Fukuda, Niizuma, Hiramaru, Aoki and Nakai tell their editors they’ll all join Ashirogi Muto on hiatus until the Chief Editor ends the TRAP hiatus. Mashiro’s surgery is successful, but he and Takagi are furious when they seen the four other manga missing. The phones ring off the hook at the editor’s office, but the Chief Editor won’t budge. When Mashiro is discharged from the hospital, he, Takagi and Miura confront him one more time with eleven piled-up manuscripts, and he finally agrees to return TRAP to Jack as soon as possible.
Well, that would seem to have been resolved rather quickly! Putting TRAP on hiatus brought the whole point of the series – Mashiro achieving his dreams – to a screeching halt, but through it all, Miho was ever-supportive, Mashiro’s friends stuck their own necks out for his sake, and he never stopped drawing. We’re not entirely sure passage of time was handled as well as it could have been, but what’s important is that they managed to convince the chief editor to end TRAP’s hiatus before they graduate, which is as good an outcome as they could have hoped for.
Of course, while Miura considers the backlog of manuscripts to be some of Ashirogi’s best work yet, it was all produced without knowing how each story would be ranked. The next episode’s title incliuding the words “low ranking” suggest Mashiro and Takagi’s next major challenge will be dealing with a sudden and perhaps prolonged decline in popularity, just when their first volume has been released. And unpopular manga don’t get turned into anime (usually).
Matsy presents Sen’s club with free tickets to a Hawaiian swim park, but after a long, expensive train ride, realize they’re missing one, so Satou has to buy his own, leaving him short on cash. Not only Nikaido has also been invited, but Monk, Endo, and other wolves. Since this is a park owned by Ralph Store, it also offers half-price bento a half hour prior to closing, so a battle ensues, with the added challenge of taking place in a pool. Satou makes the most of the result of Shaga’s “attack” on him and manages to grab the honor stamp.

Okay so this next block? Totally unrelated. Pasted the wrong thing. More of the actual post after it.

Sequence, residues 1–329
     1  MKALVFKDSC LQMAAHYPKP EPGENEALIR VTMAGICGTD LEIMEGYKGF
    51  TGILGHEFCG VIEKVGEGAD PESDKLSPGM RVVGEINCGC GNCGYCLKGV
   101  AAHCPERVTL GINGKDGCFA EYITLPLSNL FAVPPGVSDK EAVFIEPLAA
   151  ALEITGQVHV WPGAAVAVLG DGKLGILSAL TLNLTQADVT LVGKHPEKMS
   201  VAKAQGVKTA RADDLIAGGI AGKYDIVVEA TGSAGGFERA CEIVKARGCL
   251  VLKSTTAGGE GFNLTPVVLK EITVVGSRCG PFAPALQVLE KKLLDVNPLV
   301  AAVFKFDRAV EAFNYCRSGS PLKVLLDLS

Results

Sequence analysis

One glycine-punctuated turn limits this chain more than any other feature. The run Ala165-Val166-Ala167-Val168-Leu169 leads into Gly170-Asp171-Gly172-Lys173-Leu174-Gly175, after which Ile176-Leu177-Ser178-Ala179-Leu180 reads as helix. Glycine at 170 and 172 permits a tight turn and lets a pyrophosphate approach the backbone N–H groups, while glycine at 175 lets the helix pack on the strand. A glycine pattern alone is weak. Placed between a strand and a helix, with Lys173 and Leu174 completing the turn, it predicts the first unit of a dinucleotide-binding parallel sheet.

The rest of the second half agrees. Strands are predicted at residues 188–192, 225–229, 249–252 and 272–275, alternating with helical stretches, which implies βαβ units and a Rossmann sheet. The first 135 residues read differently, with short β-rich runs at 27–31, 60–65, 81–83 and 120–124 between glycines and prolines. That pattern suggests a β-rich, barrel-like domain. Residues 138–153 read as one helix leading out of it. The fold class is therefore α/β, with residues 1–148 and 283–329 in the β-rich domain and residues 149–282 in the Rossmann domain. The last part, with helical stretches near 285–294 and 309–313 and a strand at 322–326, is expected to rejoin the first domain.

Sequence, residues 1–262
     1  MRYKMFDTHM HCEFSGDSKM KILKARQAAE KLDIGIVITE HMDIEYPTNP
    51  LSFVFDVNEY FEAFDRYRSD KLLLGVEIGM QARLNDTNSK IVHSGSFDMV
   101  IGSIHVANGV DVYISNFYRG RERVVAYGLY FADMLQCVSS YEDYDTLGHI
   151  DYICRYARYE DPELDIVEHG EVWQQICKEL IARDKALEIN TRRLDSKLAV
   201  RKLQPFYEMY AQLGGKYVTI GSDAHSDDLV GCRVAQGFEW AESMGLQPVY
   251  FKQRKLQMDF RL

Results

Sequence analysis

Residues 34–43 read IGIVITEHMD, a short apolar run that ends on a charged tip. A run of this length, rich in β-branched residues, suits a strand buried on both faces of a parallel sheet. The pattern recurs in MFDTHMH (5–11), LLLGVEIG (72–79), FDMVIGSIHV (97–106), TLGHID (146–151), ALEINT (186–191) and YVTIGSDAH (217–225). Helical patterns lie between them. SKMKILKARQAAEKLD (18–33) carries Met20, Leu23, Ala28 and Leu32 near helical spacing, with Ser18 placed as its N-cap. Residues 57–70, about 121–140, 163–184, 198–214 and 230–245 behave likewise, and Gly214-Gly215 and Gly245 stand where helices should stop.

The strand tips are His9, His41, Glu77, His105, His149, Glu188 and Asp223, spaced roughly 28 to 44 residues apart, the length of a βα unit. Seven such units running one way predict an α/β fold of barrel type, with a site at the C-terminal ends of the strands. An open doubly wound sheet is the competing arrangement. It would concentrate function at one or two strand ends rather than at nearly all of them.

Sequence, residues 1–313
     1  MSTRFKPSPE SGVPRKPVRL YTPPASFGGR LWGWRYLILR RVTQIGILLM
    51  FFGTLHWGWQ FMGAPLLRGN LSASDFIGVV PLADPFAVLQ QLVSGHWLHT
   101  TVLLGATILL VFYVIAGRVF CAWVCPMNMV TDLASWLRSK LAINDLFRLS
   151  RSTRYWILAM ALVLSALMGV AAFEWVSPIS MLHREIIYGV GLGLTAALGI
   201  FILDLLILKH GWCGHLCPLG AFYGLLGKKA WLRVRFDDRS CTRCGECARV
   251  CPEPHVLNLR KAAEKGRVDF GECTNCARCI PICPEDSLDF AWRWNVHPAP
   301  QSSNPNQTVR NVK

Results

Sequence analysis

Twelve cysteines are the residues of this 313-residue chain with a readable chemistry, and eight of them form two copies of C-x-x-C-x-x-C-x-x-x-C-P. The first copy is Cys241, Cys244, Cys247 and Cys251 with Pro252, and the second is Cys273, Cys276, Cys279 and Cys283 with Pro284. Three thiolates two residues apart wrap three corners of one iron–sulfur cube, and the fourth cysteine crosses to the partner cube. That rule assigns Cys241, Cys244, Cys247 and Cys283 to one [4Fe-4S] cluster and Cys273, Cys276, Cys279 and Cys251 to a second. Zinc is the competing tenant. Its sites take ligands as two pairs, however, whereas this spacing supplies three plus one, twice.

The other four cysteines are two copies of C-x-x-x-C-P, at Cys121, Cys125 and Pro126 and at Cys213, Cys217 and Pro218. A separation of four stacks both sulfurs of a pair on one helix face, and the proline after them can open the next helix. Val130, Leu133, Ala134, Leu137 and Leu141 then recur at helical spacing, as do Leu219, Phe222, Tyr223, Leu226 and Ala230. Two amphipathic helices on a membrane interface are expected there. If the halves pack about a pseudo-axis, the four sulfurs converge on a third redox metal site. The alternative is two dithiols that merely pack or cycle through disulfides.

A pool episode we didn’t hate would have sufficed, we weren’t expecting this: an innovative swimsuit episode that takes that trope and adds all of Ben-To‘s own distinctiveness. Just about every cliche had a distinct purpose: Inoue’s cameo uses up Satou’s ticket; his lack of cash makes half-priced food his only choice; and the Montage of Fun Events serves both to tire people out and make them hungry, preparing them for the pool battle. At first we thought Sen was being too serious and diligent when she came out in a sporty one-piece (worn under her clothes) and spent a lot of time stretching and doing laps. But she was just making sure she was fully-prepared if battle came – and it did.
The battle itself was full of great practical details. Fighters were hampered both by the sudden malfunction of sexy bikini tops; the distraction of said malfunctions; by cramps; even by the sting of the chlorine from all the splashing. The bentos themselves were floating around in clear plastic balls, requiring totally different tactics from store battles. And after suffering a long, intimate Shaga Hug, Satou makes ingenious use of his hard-on as a goddamn rudder to maneuver his way to victory. Heck, we were even made privy to the origins of Sen and Shaga’s noms-de-guerre, and learned that Satou’s is “Freak” (Hentai), which considering the manner of his triumph, is quite fitting.